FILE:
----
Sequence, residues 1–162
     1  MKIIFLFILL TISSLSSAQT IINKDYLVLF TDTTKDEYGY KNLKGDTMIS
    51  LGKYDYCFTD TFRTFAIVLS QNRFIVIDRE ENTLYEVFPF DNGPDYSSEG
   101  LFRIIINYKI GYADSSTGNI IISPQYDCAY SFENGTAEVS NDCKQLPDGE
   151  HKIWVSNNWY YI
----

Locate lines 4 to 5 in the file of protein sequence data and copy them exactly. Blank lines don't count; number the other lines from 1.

   101  LFRIIINYKI GYADSSTGNI IISPQYDCAY SFENGTAEVS NDCKQLPDGE
   151  HKIWVSNNWY YI